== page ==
Composers and Lyricists:Benny Andersson &Björn Ulvaeus
Musical Supervisor:Martin Koch
Choreographer:Anthony Van Laast
Reviewer: Bethany Steer
As overwhelmingly cheesy as a gooey melted Camembert, and just as delicious, Mamma Mia! kicked off its UK tour this week in Bristol.
The musical stage production tells the story of a young girl’s quest to find her true father, set to a roaring medley of greatest hits by 1970s pop sensation ABBA.
Set on a Greek island, the story follows Sophie (Lucy May Barker) and her mother Donna (Sara Poyzer) in the build up to Sophie’s wedding, at which she is ‘just desperate’ to have her unknown biological father give her away.
Reading her mother’s diary and identifying not one, not two, but three possible paternal candidates, Sophie writes to all three and invites them to her wedding – to her mother’s horror, and the hilarity of her mother’s age-old friends.
As Sophie, Barker gives an impressive vocal, singing powerfully and clearly yet using the lyrics to capitalise on the twee (and a little needy) nature of her character.
Poyzer, too, has a great voice – particularly apparent in her impassioned rendition of The Winner Takes It All.
The three possible dads Harry (Tim Walton), Bill (Christopher Hollis) and Sam (Richard Standing), each with their own distinct stereotype, give strong performances, injecting their lines and lyrics with tongue in cheek humour.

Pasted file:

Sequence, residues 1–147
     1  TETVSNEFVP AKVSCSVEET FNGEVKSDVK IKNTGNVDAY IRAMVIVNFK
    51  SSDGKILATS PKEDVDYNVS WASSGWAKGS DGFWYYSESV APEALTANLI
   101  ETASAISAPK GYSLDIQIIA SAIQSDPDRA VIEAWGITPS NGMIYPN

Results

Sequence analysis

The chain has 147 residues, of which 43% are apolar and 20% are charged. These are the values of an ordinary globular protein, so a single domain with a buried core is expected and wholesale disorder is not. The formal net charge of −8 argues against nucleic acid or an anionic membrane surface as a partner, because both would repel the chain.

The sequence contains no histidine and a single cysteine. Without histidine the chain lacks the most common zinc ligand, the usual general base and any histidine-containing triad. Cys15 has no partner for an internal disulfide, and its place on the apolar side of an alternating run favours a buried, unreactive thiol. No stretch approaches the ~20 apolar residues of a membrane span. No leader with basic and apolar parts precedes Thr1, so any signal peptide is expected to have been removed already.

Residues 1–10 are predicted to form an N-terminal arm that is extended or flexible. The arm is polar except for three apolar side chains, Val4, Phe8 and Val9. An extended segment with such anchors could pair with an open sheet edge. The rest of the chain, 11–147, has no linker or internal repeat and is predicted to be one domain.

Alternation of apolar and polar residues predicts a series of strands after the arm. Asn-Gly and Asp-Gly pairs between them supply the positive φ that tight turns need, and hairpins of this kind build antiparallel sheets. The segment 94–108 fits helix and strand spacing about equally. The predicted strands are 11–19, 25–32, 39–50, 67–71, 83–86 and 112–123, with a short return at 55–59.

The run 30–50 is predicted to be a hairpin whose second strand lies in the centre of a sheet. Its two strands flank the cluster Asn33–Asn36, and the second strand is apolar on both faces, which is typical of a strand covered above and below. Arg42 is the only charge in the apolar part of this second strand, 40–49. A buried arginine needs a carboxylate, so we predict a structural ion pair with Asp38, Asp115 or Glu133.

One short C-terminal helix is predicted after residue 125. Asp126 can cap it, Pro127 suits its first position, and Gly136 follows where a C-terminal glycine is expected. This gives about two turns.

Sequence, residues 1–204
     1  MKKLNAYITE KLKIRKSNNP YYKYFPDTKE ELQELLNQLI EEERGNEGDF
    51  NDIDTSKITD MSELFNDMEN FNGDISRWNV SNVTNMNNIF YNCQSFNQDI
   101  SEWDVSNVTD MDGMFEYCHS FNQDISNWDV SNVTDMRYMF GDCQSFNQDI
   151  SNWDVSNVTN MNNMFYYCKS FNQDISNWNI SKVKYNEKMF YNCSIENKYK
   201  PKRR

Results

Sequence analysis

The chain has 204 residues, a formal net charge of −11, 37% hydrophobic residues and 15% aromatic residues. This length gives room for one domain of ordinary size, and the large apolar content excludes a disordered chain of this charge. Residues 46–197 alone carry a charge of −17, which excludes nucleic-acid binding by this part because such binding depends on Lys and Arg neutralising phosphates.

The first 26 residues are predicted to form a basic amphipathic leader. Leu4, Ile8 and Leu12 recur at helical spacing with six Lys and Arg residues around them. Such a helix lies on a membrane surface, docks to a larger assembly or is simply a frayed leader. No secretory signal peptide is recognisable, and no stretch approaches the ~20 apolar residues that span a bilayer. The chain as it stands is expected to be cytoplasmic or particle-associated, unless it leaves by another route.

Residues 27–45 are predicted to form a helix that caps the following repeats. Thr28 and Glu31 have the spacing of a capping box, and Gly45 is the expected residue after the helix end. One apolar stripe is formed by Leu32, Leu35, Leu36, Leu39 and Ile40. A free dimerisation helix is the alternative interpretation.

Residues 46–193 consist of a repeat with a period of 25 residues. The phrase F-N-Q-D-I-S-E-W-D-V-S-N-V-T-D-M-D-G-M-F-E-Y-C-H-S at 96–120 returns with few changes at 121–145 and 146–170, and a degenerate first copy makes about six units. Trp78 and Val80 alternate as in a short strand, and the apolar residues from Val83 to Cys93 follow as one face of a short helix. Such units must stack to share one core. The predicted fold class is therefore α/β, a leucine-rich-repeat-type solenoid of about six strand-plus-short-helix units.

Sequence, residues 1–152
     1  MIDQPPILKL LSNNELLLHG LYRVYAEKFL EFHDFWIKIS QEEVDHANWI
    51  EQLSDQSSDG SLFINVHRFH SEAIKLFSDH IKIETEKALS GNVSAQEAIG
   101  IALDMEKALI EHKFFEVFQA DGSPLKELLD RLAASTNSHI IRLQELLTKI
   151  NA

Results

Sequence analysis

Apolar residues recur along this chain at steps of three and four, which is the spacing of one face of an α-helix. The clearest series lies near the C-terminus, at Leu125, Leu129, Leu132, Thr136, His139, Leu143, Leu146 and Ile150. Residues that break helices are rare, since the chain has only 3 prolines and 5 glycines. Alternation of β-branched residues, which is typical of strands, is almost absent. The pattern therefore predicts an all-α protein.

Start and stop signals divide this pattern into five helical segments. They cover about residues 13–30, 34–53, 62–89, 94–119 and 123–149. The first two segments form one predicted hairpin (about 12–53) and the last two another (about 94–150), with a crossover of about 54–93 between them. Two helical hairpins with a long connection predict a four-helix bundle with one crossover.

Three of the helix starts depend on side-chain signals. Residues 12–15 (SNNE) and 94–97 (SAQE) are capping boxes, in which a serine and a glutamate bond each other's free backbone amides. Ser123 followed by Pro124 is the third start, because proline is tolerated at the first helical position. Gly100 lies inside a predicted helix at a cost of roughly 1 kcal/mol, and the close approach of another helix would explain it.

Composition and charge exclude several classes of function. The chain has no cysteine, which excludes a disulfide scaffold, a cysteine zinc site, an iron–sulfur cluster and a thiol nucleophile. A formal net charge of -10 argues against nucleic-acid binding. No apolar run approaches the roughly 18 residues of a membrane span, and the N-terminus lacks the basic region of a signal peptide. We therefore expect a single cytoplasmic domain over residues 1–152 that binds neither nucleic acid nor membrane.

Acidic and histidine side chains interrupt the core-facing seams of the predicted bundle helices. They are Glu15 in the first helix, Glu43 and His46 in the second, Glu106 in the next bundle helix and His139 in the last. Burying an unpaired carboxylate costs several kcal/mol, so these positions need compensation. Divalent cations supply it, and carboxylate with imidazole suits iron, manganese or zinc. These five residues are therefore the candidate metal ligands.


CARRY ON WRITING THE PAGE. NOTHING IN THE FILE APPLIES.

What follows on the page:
The stars of the show are Donna’s two friends, Tanya (Emma Clifford) and Rosie (Braun), whose hilarious attempts to get their friend laughing in the face of mortification only go to demonstrate the unchanging power of female friendship over time.
The staging is clever – with essentially two blocks rotated and transformed from taverna to bedroom to nightclub – and the lighting works well alongside it.
The ensemble is extremely talented – executing some eye-watering dance moves in ridiculously high heeled shoes – and Anthony Van Laast’s choreography is dynamic, consistently surprising and interesting to watch.
The fantastic soundtrack and vocal performances – what the show is really about – are far superior to some of the dialogue scenes, which often act as (sometimes tenuous) links into the next jazzy number.
A great performance and a whole lot of fun, heralding every single audience member to their feet for the finale, Mamma Mia! is a fab night out – albeit one that comes with a health warning: for those of a nervous disposition, white Lycra and platform boots feature heavily.
Runs until 7 May 2016 then touring | Image:Brinkhoff Mögenburg